There has been debate over the legitimacy of the phrase “justification by belief” between some who affirm to be Clarkians and some who do not follow Clark, but there is no doubt what Clark held. In his audio lecture “A Defense of Christian Presuppositions in the Light of Non-Christian Presuppositions,” min 106, Clark says, “And so believing, and I really prefer the word believing, because the word faith is Latin, and I don’t like Latin, I like the Greek pistueo.” Clark also writes, “Exegesis will reveal that faith, Christian faith, is not to be distinguished from belief.” – Religion, Reason, and Revelation, p. 99. And in two other places he uses the terms interchangeably: 1: “Faith or belief is a gift from God and he gives it to whom he will.” – The Holy Spirit, p. 83. And 2: “The distinction between the faith the devil has and the kind the regenerate man has, is not in the mental function involved, but it is a difference of object. We put our faith or belief in Christ’s finished work for us; the devil does not.” – Clark to J. Oliver Buswell, Feb. 9, 1939.
2. Man was created with (innate) knowledge.
“What is implied in Genesis is expanded in Ephesians 4:24 and Colossians 3:10. These two passages, in explaining regeneration as a sort of new creation, teach that man was originally created in knowledge and in righteousness.” – Clark-Hoover debate, minute 14-15.
“The Scriptures do not discuss empiricism as such, but the doctrine of the image of God in man, the law written on the hearts of the Gentiles, and the transmission of original sin all indicate an innate, non-empirical inheritance, which precludes this philosophy.” – “Empiricism” in Encyclopedia of Christianity.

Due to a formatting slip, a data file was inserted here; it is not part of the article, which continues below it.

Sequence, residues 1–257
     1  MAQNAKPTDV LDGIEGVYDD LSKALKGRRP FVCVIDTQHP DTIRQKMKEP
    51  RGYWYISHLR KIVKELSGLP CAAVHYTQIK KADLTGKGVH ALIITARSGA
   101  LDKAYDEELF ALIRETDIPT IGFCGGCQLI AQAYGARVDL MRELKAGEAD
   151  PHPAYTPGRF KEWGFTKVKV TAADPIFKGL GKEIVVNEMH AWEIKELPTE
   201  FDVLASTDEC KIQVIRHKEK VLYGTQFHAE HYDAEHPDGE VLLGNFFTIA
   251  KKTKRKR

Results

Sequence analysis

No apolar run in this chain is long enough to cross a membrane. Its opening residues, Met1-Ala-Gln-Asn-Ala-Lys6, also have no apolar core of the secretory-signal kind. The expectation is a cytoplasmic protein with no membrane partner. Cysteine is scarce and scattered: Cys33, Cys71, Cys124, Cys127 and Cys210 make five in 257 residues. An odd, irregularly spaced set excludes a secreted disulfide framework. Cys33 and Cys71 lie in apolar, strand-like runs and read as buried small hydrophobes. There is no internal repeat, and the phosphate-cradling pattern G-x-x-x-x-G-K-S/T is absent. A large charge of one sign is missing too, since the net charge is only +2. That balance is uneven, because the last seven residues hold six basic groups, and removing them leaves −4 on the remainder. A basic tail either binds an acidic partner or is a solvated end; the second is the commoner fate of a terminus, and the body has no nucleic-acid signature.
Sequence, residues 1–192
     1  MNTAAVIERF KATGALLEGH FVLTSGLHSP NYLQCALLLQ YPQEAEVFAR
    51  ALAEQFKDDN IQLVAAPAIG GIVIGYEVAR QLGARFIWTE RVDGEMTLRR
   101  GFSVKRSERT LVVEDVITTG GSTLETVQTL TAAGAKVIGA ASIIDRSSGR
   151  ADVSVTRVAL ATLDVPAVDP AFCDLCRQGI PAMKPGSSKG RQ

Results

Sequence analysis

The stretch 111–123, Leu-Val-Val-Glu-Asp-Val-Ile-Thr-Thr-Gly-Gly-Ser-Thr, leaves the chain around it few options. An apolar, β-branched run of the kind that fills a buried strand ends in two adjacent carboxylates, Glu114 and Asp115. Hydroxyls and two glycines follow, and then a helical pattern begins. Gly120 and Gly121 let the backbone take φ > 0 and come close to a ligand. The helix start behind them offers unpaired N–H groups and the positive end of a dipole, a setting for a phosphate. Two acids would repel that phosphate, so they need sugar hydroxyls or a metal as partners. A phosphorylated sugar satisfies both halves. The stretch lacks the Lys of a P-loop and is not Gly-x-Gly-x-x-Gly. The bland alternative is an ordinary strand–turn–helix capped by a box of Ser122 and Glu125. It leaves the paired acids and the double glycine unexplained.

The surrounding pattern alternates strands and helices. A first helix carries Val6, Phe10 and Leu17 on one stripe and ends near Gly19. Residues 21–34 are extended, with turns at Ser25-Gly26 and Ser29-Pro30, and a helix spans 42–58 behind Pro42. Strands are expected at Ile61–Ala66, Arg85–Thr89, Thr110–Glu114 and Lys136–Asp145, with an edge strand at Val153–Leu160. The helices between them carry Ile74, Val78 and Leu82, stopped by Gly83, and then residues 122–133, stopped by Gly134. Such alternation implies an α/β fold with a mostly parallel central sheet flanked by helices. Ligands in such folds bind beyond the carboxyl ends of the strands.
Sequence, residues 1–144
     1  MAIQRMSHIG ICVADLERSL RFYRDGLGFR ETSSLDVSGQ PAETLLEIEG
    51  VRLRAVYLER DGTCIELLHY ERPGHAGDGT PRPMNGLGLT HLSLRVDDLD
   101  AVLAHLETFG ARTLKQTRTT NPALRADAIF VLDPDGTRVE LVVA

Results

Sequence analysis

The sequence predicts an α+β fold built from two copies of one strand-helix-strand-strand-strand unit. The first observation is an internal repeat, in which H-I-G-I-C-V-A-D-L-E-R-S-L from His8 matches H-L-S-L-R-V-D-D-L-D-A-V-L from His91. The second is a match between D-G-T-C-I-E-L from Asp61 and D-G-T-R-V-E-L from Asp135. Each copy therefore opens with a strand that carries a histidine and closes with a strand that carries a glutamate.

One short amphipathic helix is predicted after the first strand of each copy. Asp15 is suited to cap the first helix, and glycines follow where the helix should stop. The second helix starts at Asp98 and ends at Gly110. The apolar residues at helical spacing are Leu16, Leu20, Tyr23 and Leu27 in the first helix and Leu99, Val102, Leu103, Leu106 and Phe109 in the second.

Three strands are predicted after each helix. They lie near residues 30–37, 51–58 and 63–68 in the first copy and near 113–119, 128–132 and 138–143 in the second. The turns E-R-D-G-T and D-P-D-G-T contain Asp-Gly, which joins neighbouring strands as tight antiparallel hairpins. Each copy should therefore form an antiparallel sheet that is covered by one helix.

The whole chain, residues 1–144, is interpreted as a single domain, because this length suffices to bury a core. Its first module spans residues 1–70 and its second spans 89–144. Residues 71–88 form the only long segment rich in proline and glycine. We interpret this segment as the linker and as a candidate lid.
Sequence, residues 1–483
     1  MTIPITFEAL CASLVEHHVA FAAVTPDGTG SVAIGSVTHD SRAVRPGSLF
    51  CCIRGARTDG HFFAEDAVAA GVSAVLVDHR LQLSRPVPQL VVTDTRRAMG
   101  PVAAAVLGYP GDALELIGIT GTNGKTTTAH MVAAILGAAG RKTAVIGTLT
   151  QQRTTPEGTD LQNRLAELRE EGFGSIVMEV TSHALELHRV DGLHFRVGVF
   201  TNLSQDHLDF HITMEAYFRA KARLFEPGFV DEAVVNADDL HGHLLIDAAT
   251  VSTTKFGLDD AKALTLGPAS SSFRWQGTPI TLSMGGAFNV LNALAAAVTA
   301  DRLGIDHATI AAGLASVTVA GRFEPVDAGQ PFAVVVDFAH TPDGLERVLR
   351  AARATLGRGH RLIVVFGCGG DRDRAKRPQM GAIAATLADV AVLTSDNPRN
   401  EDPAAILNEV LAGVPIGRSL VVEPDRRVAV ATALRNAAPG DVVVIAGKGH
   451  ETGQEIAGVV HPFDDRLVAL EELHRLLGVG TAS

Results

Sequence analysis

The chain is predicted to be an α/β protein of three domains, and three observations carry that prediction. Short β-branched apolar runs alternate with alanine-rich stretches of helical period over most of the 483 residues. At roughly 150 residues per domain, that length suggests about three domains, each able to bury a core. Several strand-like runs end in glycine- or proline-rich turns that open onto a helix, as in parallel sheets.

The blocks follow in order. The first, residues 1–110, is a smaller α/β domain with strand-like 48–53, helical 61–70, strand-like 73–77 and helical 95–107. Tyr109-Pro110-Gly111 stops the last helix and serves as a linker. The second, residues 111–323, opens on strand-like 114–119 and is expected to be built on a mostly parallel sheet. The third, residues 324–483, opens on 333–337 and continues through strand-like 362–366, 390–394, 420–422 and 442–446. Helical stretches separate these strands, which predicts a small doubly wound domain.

“I hold that every man is made in the image of God, and that every man has what may conveniently be called an innate idea of God.” – Clark to J. Oliver Buswell, Nov. 10, 1947.
“Is it not possible that the knowledge of God is innate? May we not have been born with an intuition of God, and with this a prior equipment we see the glory of God upon the heavens? – What Presbyterians Believe, p. 7.
3. The role the senses play in knowledge acquisition is as a “stimulus to intellectual intuition.”
Though Gordon Clark frequently critiqued the philosophy of empiricism, it is false to conclude that he allowed for no role of the senses of seeing, hearing, etc. Granted, Clark disagreed with the theories of sensation provided (or usually not even provided) by empiricists and other philosophers. He rejected their theories. But, this does not mean he was left without any theory of sensation. Clark accepted St. Augustine’s view that the senses provide a stimulus to recollection as the follow extended quotes show: